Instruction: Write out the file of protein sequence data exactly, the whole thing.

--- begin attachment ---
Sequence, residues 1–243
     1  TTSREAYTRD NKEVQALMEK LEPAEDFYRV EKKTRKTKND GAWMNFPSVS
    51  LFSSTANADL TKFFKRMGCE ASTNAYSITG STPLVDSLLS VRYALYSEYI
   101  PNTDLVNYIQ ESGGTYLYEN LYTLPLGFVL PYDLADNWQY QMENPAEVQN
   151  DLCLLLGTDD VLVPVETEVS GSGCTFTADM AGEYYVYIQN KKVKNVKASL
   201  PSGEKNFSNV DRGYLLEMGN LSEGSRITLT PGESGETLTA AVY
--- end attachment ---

Sequence, residues 1–243
     1  TTSREAYTRD NKEVQALMEK LEPAEDFYRV EKKTRKTKND GAWMNFPSVS
    51  LFSSTANADL TKFFKRMGCE ASTNAYSITG STPLVDSLLS VRYALYSEYI
   101  PNTDLVNYIQ ESGGTYLYEN LYTLPLGFVL PYDLADNWQY QMENPAEVQN
   151  DLCLLLGTDD VLVPVETEVS GSGCTFTADM AGEYYVYIQN KKVKNVKASL
   201  PSGEKNFSNV DRGYLLEMGN LSEGSRITLT PGESGETLTA AVY